Wednesday, March 12, 2014

The Good Voice

Paul grew up in a tough city, and was known to get into trouble at school.  At age 14, he had a tragic family experience that rocked his world.  His grandfather had died, but while Paul’s family was attending the funeral, his mother suffered a brain aneurysm and she died as well.  This was more than a young boy could take, and he fell into a severe state of depression.

Paul’s father struggled to raise his son alone as he dealt with his own sense of loss.  He became so bitter that he would often convey to Paul that he shouldn’t even bother having dreams because they would only lead to disappointment.  Strangely, his father’s negative outlook on life had the opposite effect on Paul.  Seeing his father in such a state stirred Paul’s ambitions, drew him out of his depression, and fueled his desire to begin dreaming… big.

Paul escaped the pessimistic atmosphere of his home by hanging out with his friends on the street corner.  They formed a little gang and gave each other nicknames; anything to separate themselves from their given names and home lives.  One was called “Goose,” and another went by “Strongman.”  One friend’s face was so sharp and angular that they called him “Edge,” and Paul’s nickname was a joke on the Latin term for “good voice.”

At 16, Paul saw an ad that his classmate Larry posted at school.  Larry was looking to put together a band to play cover songs from groups like the Rolling Stones.  Showing up to audition along with a few of his friends, Paul said he could play guitar, but during the tryout it became obvious he couldn’t.  None of the kids had much talent, and really, they were just looking to get off the streets and do something fun.  They decided to let Paul sing, though at first he really wasn’t very good at that either.

It didn’t take long for the bandmates to get better and for Paul to find his voice.  He learned to sing with such passion that his nickname ceased to be a joke.  “Good Voice” in Latin translates to “Bonovox,” which his friends later shortened to simply Bono.  The band evolved to become U2, and, in a few short years, Paul went from a scrappy kid growing up in northern Dublin to lead singer of the most famous band ever to come out of Ireland.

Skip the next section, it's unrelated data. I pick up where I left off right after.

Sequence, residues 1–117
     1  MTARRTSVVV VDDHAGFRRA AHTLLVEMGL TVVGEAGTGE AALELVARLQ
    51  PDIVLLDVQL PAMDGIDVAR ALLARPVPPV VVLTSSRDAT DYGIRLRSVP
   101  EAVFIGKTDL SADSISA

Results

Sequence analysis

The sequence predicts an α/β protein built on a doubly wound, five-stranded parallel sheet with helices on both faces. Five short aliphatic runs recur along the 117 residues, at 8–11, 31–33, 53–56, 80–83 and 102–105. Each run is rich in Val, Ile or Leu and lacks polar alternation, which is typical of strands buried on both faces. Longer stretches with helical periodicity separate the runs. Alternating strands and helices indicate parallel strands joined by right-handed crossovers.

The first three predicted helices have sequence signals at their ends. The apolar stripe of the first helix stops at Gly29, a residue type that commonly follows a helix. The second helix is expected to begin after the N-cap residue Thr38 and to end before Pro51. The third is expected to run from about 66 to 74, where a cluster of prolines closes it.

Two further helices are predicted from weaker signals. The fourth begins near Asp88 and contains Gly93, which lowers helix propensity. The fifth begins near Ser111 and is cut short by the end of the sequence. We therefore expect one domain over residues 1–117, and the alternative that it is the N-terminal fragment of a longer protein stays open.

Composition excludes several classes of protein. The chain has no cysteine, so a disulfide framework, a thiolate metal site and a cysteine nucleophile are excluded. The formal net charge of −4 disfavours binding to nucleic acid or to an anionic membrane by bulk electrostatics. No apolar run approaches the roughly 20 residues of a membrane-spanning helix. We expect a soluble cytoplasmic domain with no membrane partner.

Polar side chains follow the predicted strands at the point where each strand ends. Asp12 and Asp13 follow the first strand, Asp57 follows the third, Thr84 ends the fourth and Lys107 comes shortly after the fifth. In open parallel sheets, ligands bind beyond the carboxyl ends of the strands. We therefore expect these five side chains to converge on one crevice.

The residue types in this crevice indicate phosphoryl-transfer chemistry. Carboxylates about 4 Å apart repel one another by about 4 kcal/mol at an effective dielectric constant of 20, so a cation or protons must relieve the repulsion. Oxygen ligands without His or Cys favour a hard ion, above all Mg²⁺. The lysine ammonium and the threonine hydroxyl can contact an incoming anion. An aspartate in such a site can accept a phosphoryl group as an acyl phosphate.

Bono married his high school girlfriend at 22, and they took a mission trip to Africa a few years later, where they spent a month in Ethiopia doing charity work.  He had really long hair at the time, and the Ethiopian kids would call him, “the girl with the beard.”  Finally, when he was preparing to leave the country, a man approached him and asked if Bono would take his baby back to Ireland to live with him. He pleaded that the baby had a greater chance of survival anywhere else.  Unable to take someone else’s baby, Bono said no, but the experience affected him deeply.  He reflected on the plight of the people in Africa, and became determined that a person’s living or dying should not be decided by where that person lives in the world.

Bono decided to trade his currency as a celebrity to become a humanitarian.  Over the last 25 years, Bono has used his ‘good voice’ for a greater cause, embracing the Live to Give mindset and impacting cultures and causes all over the world.  He has been nominated for the Nobel Prize three times, was named Time Magazine’s Person of the Year, was knighted by the Queen, and in 2005 was awarded “one wish to change the world” by the TED organization.

Bono continued to follow his passions as well.  In addition to being awarded more than 22 Grammy awards and being inducted into the Rock and Roll Hall of Fame, U2 recently earned a Golden Globe and an Oscar Nomination for their original song, Ordinary Love, in honor of Nelson Mandela.  Reportedly, Mandela was able to hear the song a week before he died.

One person has the power to do a lot of good.  First step:  Become empowered. Second step:  Empower others.  Ask yourself, “What’s one thing I can do today to ensure I’m pursuing my passions and on my way to living my dreams?  What’s the one thing I can do today to make a difference in the lives of others?”  It’s time to find your voice and sing.

Until next week…

Live Your Dreams,

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